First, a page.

Here are snippets of the actual article. You should still read the article, it's pretty funny.
|The distribution arm sets whatever fees it wants. If they want to charge themselves eleventy quintillion dollars for distribution, they totally can. Then, even if the film earns billions of dollars in box office receipts, they’re still technically in debt (to themselves) and thus haven’t turned a profit. |
|The first weekend of a movie’s release, the profit is split heavily in the studio’s favor, typically around an 80/20 split. The second weekend, it may change to a 70/30 scale, and so on. So why do the theaters take these awful deals? Because if they don’t, the studio is under no obligation to lease their films to that theater, so they can just totally bounce if they want to. |
|Marketing departments just plain don’t give a #. For example, one critic’s review of Live Free or Die Hard got shortened from “hysterically overproduced and surprisingly entertaining” to “hysterically… entertaining.” Sometimes they’ll even take the blurb from parts of the review where the critic was referring to a different movie entirely or the genre as a whole. Another fun trick Hollywood likes to use is trying to woo critics with free screenings, food, set visits, and other goodies. The people who take the bait are called quote ******. |
|Nowadays, the very act of creating something gives you copyright, whether you register it or not, but back then, you had to specifically register the copyright for the works you wanted protected, and you had to label it in a very certain way afterward. A George Washington University copyright expert found Steamboat Willie to be not properly copyrighted and therefore being public domain and published a paper saying so. It was at this point that Disney took notice of the issue and actually threatened to sue him for “slander of title.” |
Controlling Consumer Choice
|You see, film studios aren’t the biggest fans of things like Netflix, Redbox, or Hulu. You know, those things that allow you to pick and choose what you want to watch when you want to watch it for a reasonable, affordable price. The reason is that it eats into their sales of DVDs and pay-per-view rentals, for which they get a much higher cut of the profit. As DVD sales drop, movie studios panic. So, instead of adapting their business model to a format that consumers obviously prefer, they’d rather try to turn back the clock and take away the distribution methods people love and enjoy. |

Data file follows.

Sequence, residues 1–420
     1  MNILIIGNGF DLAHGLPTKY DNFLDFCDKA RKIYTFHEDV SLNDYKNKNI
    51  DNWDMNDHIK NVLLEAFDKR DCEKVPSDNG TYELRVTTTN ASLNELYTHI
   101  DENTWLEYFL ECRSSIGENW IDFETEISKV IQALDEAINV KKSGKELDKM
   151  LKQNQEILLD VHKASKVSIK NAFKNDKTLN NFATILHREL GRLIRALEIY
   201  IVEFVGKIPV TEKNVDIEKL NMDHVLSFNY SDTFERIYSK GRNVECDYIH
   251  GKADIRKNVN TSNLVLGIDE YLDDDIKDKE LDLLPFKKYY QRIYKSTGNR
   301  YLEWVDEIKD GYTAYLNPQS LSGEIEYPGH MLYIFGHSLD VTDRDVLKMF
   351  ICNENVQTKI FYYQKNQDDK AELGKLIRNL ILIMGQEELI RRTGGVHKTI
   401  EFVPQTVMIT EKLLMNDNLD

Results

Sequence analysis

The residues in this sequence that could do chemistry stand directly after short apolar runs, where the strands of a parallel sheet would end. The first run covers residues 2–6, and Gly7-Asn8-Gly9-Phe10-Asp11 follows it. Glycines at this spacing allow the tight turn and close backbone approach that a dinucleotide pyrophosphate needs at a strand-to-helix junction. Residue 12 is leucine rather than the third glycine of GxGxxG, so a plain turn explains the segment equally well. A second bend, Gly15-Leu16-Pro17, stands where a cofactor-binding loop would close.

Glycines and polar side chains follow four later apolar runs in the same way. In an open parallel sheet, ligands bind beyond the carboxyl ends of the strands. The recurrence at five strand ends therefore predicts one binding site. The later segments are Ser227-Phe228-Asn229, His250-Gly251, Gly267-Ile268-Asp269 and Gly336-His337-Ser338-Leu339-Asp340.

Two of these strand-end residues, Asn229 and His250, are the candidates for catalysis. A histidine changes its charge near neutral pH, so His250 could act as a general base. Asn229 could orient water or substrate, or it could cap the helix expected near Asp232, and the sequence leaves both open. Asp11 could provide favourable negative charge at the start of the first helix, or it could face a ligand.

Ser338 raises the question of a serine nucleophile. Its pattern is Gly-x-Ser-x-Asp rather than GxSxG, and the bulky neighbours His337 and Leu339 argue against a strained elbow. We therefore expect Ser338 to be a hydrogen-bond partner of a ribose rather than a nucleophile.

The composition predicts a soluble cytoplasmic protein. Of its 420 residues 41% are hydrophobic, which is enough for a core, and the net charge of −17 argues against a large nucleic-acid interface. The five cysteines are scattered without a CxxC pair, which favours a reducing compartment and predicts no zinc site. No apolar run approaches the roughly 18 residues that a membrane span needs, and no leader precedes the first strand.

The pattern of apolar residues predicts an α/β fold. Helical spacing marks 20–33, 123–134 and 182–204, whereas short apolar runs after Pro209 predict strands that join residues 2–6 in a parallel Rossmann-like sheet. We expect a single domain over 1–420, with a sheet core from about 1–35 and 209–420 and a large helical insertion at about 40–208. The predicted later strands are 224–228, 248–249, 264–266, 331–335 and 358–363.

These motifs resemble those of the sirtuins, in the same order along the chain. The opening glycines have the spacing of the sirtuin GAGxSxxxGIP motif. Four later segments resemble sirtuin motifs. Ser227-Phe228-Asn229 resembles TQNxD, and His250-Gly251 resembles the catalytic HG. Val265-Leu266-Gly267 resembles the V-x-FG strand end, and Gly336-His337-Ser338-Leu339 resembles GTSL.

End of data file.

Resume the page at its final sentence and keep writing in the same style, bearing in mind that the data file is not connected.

|Turns out, some of those crazy people who constantly crop up and say Hollywood producers ripped off their scripts aren’t so crazy. In fact, it turns out that it’s a dirty little secret of Hollywood’s that stealing scripts is almost commonplace. Example: Buchwald was already a successful humor writer and satirist, even winning himself a Pulitzer for his work. he pitched Paramount an idea for a movie about an African prince who moves to America to find a bride. He suggested Eddie Murphy as a lead actor. Paramount took the pitch, but then had trouble getting it off the ground. The rights returned to Buchwald and he pitched it to Warner Bros. Warner Bros. killed the project. Turns out, there was a similar film going into production at Paramount. It was a movie about an African prince who moves to America to find a bride. It starred Eddie Murphy, who was also given writing credit. That movie was Coming To America. |
wow.. just wow that just wrong if it's all true....
That's Hollywood, babe. To be fair, this criticism only sheds light on the business side of film (marketing, funding, exhibition, distro, etc.). But those people who are savvy in the production side of film (cinematography, lighting, art direction, wardrobe, etc.), know that film can be quite an amazing collaboration that is creatively fulfilling as much as it is financially lucrative.